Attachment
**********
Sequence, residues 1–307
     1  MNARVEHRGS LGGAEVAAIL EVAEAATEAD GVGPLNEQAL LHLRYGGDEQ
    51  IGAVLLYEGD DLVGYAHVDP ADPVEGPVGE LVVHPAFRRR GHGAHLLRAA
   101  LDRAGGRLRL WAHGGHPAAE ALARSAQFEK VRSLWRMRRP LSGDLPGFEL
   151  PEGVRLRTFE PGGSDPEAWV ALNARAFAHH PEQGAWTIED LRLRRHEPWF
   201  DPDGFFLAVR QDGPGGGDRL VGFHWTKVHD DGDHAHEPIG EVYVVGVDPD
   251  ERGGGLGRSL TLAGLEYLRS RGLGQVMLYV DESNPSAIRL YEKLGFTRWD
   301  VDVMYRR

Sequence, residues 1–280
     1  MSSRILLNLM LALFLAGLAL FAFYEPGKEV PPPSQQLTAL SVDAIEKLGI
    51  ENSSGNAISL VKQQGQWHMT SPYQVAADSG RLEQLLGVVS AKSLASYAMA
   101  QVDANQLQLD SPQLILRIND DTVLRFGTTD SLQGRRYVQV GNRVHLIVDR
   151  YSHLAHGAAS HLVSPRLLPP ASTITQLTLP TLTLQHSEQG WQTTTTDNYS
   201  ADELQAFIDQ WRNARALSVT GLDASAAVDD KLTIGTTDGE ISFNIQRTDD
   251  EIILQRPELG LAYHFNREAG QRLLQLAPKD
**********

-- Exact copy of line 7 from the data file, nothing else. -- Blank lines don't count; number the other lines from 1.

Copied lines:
   251  ERGGGLGRSL TLAGLEYLRS RGLGQVMLYV DESNPSAIRL YEKLGFTRWD